economy and the markets is complicated, but the concept is 
simple. The central bank can either make money easier to 
get or harder to get. An increase in the fed funds rate, 
for example, makes it - all other things being equal - 
relatively harder to borrow money.

In a perfect world, prevailing interest rates operate as a 
kind of speed governor on the economy. At any given time, 
people contemplate all manner of spending. A concrete 
merchant imagines adding new mixer trucks to his fleet. A 
couple dream of a winter cruise in the Caribbean. In both 
cases, the significant calculation can be reduced to 2 
questions: what will it cost...and what will it return? 

The return on consumer spending tends to be unquantifiable, 
so consumers focus mostly on the first question: how much 
will it cost, which begs the corollary, can I afford it? 
The higher the interest rate on the borrowed money - the 
more expensive the vacation becomes.

Businessmen, on the other hand, can look ahead at the 
likely financial return on borrowed money. If the return 
exceeds the cost of funds - with a margin for error - it 
makes sense to borrow and spend. Thus, the lower the rates, 
the more projects make sense and the faster the economy 
moves ahead.

Markets, however, have a kind of perverse complexity. What 
really concerns people is not the nominal rate of return - 
that is, the rates as persuaded by Greenspan & Co. - but 
the real rates.

An economist named Pigou once noticed that "people's 
spending habits are influenced not only by how much they 
are earning, but also by how wealthy they feel." He was 
describing what is known today as the 'wealth effect'. The 
insight may be broadened to the realization that when 
people decide whether to borrow and spend, they look at the 
effects in the widest way they can.

The real cost of borrowed money has been phenomenally low. 
You might have borrowed $100,000 in 1982, put it into Dow 
stocks - and today, you would have about $1,000,000 in 
stocks, and owe less than half that amount, including 
compound interest, on the original loan. For nearly 20 
years, the real cost of borrowed funds - when the money was 
put into stocks - was about minus 8%. It paid to borrow. 
The more the merrier. 

Venture capitalists raised money from investors - and often 
borrowed money too. But in the hey-day of IPO fever, they 
earned as much as 1,000% profit. The cost of the borrowed 
funds was negligible.

Of course, when you give away money - you have to expect 
people to take it. Consumers mortgaged their homes, spent 
some of the money on themselves...and invested the rest in 
stocks. With such low real rates, they could spend up to 
half the borrowed money on new cars, houses, vacations - 
whatever they wanted - and still come out even over time. 

Publicly traded businesses, too, found that they could 
borrow obscene amounts of money - the telecoms, for 
example, took up 40% of all newly issued bonds between '97 
and ` alone borrowed $2.2 billion, even 
though it still has no proven business model. For a while, 
it seemed as though the more they borrowed, the higher 
their share prices went. Investors seemed to care only 
about growth and momentum, not about credit quality or 
balance sheets. 

Even speculative junk - at the peak of the Information Age 
mania - was taken up with coupons as low as 7.5%. Investors 
were blind to risk - even from the shakiest borrowers and 
the most absurd business plans.

Bloomberg reports that U.S. investors, for example, just 
lost $75 million of commercial paper seized from Demirbank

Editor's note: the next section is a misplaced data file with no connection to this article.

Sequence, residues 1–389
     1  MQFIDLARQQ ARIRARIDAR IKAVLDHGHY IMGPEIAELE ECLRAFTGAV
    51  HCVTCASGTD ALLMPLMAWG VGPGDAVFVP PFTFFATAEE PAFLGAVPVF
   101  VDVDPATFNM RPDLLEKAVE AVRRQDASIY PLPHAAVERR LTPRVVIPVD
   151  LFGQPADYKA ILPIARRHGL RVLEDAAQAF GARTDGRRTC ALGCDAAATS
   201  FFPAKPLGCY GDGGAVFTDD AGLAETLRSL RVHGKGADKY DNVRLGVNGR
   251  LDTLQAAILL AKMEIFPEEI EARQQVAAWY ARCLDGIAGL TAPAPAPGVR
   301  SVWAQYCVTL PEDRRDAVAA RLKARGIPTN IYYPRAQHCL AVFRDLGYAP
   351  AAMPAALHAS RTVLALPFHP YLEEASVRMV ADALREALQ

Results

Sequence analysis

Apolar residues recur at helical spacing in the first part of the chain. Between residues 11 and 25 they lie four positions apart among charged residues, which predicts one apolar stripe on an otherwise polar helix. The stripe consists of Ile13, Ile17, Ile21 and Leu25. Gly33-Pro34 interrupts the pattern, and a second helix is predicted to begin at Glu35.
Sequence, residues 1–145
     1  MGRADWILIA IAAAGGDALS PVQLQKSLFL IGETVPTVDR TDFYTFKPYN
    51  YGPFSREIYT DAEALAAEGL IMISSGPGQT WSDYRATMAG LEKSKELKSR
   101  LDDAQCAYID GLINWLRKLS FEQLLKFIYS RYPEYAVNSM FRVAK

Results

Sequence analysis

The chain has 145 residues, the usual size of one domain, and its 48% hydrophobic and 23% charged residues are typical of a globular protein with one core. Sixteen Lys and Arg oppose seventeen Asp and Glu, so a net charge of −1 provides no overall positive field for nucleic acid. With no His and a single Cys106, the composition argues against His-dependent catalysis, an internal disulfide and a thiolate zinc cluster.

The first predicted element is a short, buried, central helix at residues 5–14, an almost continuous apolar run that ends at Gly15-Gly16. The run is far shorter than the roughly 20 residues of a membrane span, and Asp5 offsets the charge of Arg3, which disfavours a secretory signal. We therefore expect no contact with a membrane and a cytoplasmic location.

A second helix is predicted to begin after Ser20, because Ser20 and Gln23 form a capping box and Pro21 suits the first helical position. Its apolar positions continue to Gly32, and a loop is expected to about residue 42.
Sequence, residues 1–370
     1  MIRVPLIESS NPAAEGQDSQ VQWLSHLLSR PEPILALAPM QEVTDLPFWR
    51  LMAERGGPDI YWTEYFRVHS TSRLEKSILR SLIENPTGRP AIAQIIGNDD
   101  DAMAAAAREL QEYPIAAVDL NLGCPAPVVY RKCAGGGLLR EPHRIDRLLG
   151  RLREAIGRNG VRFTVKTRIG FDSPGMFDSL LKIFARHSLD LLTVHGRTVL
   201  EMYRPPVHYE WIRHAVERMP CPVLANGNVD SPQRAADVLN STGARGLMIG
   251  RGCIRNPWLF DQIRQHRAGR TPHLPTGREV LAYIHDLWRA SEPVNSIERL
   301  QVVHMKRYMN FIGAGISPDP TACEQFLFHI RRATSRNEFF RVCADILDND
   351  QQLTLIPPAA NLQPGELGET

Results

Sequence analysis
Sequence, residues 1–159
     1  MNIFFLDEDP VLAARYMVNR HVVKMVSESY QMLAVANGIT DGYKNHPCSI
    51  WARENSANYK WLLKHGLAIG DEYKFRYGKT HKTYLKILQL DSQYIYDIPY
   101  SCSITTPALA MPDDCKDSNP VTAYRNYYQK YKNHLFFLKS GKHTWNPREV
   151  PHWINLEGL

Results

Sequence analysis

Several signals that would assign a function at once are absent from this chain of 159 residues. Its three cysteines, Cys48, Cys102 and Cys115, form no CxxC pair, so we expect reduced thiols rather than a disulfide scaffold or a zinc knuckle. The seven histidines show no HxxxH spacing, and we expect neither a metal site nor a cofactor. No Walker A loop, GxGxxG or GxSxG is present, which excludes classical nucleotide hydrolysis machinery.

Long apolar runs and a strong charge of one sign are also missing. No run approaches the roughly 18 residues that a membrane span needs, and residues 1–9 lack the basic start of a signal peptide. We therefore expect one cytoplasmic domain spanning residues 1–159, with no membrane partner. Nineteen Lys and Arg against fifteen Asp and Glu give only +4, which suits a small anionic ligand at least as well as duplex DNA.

- a Turkish bank in the Caymans. The Bank of America, which 
can't seem to resist a bad loan, had issued a letter of 

Even in the 3rd quarter of this year, debt was still 
increasing - by $414 billion of 'total market debt' 
compared to an increase of $390 billion in the 2nd quarter. 

But eventually, investors stop worrying about the return on 
their money and begin to fret about the return OF their 
money. Dodgy stocks and bonds fall. Junk bond yields soar. 
The cost of credit, for unproven or questionable projects, 
rises to 20% and more...and then disappears altogether. And 
for good reason; investors need to be compensated for the 
risk they run. Moody's projects that one out of 10 junk 
bonds will default next year.

This is the point where we find ourselves today. Credit, 
which was very cheap and very abundant only a few months 
ago has suddenly become expensive. The average junk bond 
has fallen 10.85%. A bond buyer, using borrowed funds, 
would have a real cost of funds exceeding 18%. An investor 
who mortgaged his home in March of 2000 in order to buy 
tech stocks paid an effective interest rate - over the last 
9 months - of greater than 50%. His stocks probably fell at 
least 50%...and he probably pays an additional 8% or so on 
his mortgage.

Ed Yardeni is still confident, though. He believes our 
hero, Alan Greenspan, has the weapons he needs to defeat a 
credit crunch. "There are 650 basis points between the fed 
funds rate and zero," says he, pointing to Mr. Greenspan's 
ammunition belt.

But real rates have gone from minus 8 percent to 20%...30%...50%?! And there are 900 
basis points between Treasuries and Merrill Lynch's high 
yield index. Mr. Greenspan will be outgunned.

Your correspondent

Bill Bonner

P.S. Several readers have asked, "Why do you live in 
France?" Tomorrow: an introduction and an explanation. 

About The Daily Reckoning:
The Daily Reckoning... "more sense in one e-mail than a month of CNBC."  That's what readers are saying about The Daily Reckoning.

Bill Bonner, recognized internationally as a brilliant writer, entrepreneur
and publisher of The Fleet Street Letter, offers you his daily market
commentary absolutely FREE. For the first time, outsiders are getting a peek into his powerful and profitable investment insights. Bill's practical contrarian advice empowers even average investors to protect their hard-earned wealth and achieve amazing gains.

Bonner writes his email letter from Paris, France, each morning --
describing the wacky, wonderful world of investment, politics and everything remotely related. Irreverent. Sharp. Honest. Thoroughly, unabashedly contrarian. It's also among the fastest growing e-letter on the Internet.  It's a brand new service... but it has a distinguished history..

For nearly 62 year, The Fleet Street Letter, the oldest investment
advisory letter in the English language has consistently delivered
invaluable economic and political foresights to savvy investors. Current readers regularly enjoy impressive investment gains even as the market falters. Here's more from his online readers...

"My small portfolio has followed true to my wife's description of my
investment philosophy, "buy high and sell low." However, that has changed since I started religiously reading DR... I credit this reversal of fortune directly to The Daily Reckoning"

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serious warnings and the state of the market with gentle humor"

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Last modified: April 01, 2001

Published By Tulips and Bears LLC